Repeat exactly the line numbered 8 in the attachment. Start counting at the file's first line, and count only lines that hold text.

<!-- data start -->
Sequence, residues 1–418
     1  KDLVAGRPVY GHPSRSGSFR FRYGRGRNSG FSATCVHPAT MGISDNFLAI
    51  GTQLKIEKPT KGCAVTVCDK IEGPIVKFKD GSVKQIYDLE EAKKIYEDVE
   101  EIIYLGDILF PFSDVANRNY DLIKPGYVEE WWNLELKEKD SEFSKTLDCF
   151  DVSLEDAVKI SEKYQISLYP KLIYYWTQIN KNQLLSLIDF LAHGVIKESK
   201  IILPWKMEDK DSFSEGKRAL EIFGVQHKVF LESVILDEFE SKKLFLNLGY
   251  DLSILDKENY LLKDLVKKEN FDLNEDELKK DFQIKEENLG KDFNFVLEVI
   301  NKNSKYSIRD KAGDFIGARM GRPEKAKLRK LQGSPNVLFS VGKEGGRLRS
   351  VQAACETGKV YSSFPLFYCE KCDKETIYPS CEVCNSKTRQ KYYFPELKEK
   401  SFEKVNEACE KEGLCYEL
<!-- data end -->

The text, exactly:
   301  NKNSKYSIRD KAGDFIGARM GRPEKAKLRK LQGSPNVLFS VGKEGGRLRS